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Recipe for Ants in Trees by Dawn’s Recipes

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Recipe for Ants in Trees by Dawn's Recipes

We’ve outlined all the ingredients and directions for you to make the perfect Ants in Trees. This dish qualifies as a Easy level recipe. It should take you about 50 min to make this recipe. The Ants in Trees recipe should make enough food for 4 servings.

You can add your own personal twist to this Ants in Trees recipe, depending on your culture or family tradition. Don’t be scared to add other ingredients once you’ve gotten comfortable with the recipe! Please see below for a list of potential cookware items that might be necessary for this Ants in Trees recipe.

Ingredients for Ants in Trees

  • 4 1/2 ounces mung bean noodles
  • 2 ounces soy sauce
  • 1 tablespoon rice wine
  • 1 tablespoon sambal chili paste
  • 1 teaspoon cornstarch
  • 10 ounces ground pork
  • 1 tablespoon canola oil
  • 4 green onions, chopped, divided
  • 1/2 cup chicken broth

Directions for Ants in Trees

  1. Soak the noodles in enough hot water to cover by 1 inch for 20 minutes. Use kitchen shears to cut the noodles into 3 to 4-inch pieces and drain thoroughly in a colander for 10 minutes.
  2. Combine the soy sauce, rice wine, and chili paste in a medium bowl and whisk until smooth. Add the cornstarch and whisk until combined. Add the pork and mix until thoroughly integrated. Set aside for 30 minutes.
  3. Place a 12-inch saute pan over high heat for 1 minute. Add the oil and swirl to coat the bottom and sides of the pan. Once the oil shimmers, add the meat mixture. Stir constantly for 2 minutes, breaking the meat up into very small pieces. Add 2/3 of the green onions and continue cooking and stirring until the meat is well browned and in very small pieces, approximately 2 minutes. Reduce the heat to medium-high and add the broth. Cook until reduced, approximately 3 minutes.
  4. Slowly add handfuls of the noodles to the pan, tossing with the meat mixture until combined and the pieces of meat cling to the noodles and no liquid remains. Serve immediately with the remaining green onions.

Cookware for your recipe

You will find below are cookware items that could be needed for this Ants in Trees recipe or similar recipes. Feel free to skip to the next item if it doesn’t apply.

  • Cooking pots
  • Frying pan
  • Steamers
  • Colander
  • Skillet
  • Knives
  • Cutting board
  • Grater
  • Saucepan
  • Stockpot
  • Spatula
  • Tongs
  • Measuring cups
  • Wooden Spoon

Categories in this Recipe

  • Pork – Pork is the culinary name for the meat of the domestic pig (Sus scrofa domesticus). It is the most commonly consumed meat worldwide, with evidence of pig husbandry dating back to 5000 BC.Pork is eaten both freshly cooked and preserved. Curing extends the shelf life of the pork products. Ham, smoked pork, gammon, bacon and sausage are examples of preserved pork. Charcuterie is the branch of cooking devoted to prepared meat products, many from pork.Pork is the most popular meat in the Western world and in Central Europe. It is also very popular in East and Southeast Asia (Mainland Southeast Asia, Philippines, Singapore, East Timor, and Malaysia). It is highly prized in Asian cuisines, especially in China, for its fat content and texture.Some religions and cultures prohibit pork consumption, notably Islam and Judaism.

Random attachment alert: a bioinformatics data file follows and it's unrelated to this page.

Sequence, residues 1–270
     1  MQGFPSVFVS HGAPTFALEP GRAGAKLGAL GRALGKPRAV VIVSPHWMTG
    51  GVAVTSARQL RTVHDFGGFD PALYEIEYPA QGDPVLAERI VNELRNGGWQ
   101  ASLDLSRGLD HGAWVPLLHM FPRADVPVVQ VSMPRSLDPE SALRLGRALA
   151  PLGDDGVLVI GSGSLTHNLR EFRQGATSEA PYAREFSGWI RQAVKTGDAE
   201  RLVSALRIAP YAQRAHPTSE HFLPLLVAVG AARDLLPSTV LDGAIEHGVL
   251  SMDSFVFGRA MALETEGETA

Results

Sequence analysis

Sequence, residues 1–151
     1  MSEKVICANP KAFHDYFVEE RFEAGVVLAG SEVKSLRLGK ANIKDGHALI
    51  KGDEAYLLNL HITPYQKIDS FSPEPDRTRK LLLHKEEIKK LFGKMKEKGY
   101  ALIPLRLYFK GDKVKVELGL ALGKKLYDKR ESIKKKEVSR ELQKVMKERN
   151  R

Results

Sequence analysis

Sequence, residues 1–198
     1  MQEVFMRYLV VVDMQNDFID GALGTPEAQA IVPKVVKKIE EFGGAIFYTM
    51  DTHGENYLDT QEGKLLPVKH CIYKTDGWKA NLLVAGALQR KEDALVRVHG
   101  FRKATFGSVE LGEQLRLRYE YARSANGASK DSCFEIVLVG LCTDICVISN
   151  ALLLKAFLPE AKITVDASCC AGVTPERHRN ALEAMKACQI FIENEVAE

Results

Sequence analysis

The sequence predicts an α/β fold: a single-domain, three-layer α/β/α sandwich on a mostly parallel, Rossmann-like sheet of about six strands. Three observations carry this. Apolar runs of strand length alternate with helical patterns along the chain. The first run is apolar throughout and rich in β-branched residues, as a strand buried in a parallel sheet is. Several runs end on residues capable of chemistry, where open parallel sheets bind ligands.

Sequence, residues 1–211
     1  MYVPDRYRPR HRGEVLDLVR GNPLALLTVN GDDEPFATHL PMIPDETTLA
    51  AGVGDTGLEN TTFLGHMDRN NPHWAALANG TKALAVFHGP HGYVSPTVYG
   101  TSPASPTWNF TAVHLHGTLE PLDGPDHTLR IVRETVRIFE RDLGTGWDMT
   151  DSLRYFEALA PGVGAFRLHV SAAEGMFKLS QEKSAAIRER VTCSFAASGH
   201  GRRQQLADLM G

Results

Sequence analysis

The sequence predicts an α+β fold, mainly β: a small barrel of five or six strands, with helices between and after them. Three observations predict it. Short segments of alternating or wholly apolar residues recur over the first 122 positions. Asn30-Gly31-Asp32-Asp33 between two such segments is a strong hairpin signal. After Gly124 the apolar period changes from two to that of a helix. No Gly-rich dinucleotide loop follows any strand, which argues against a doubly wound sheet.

• Noodles – Noodles are a type of food made from unleavened dough which is rolled flat and cut, stretched or extruded, into long strips or strings. Noodles can be refrigerated for short-term storage or dried and stored for future use.Noodles are usually cooked in boiling water, sometimes with cooking oil or salt added. They are also often pan-fried or deep-fried. Noodle dishes can include a sauce or noodles can be put into soup. The material composition and geocultural origin is specific to each type of a wide variety of noodles. Noodles are a staple food in many cultures (see Chinese noodles, Japanese noodles, Korean noodles, Filipino noodles, Vietnamese noodles, and Italian pasta).
Chef Dawn
Chef Dawn

Chef Dawn lives and breathes food, always seeking new ingredients to whip up super simple recipes that are big on bold flavor. Being half French, she tends to treat food as a source of pleasure rather than just fuel for our bodies.

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Picture of Chef Dawn

Chef Dawn

Chef Dawn lives and breathes food, always seeking new ingredients to whip up super simple recipes that are big on bold flavor. Being half French, she tends to treat food as a source of pleasure rather than just fuel for our bodies Read Full Chef Bio Here .

Read more exciting recipes!

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